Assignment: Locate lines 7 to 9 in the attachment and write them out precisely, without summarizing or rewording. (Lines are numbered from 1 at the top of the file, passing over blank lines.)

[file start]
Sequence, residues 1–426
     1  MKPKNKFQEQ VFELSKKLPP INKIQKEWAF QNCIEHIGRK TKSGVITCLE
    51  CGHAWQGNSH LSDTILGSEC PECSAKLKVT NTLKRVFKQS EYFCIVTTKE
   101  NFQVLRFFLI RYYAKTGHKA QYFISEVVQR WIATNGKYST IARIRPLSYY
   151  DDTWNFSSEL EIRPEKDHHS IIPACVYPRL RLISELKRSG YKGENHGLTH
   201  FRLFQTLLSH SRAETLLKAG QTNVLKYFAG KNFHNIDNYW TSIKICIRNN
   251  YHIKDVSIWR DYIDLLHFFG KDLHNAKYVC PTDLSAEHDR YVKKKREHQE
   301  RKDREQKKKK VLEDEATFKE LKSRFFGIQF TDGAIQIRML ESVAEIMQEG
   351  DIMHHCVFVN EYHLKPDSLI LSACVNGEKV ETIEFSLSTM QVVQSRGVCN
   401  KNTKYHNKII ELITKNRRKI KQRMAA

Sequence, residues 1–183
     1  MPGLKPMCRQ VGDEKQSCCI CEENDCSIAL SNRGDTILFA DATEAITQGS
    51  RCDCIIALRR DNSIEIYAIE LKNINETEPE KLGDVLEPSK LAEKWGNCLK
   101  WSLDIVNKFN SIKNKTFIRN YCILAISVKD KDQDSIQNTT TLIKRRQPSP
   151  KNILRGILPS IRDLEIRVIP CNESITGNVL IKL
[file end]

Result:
   251  YHIKDVSIWR DYIDLLHFFG KDLHNAKYVC PTDLSAEHDR YVKKKREHQE
   301  RKDREQKKKK VLEDEATFKE LKSRFFGIQF TDGAIQIRML ESVAEIMQEG
   351  DIMHHCVFVN EYHLKPDSLI LSACVNGEKV ETIEFSLSTM QVVQSRGVCN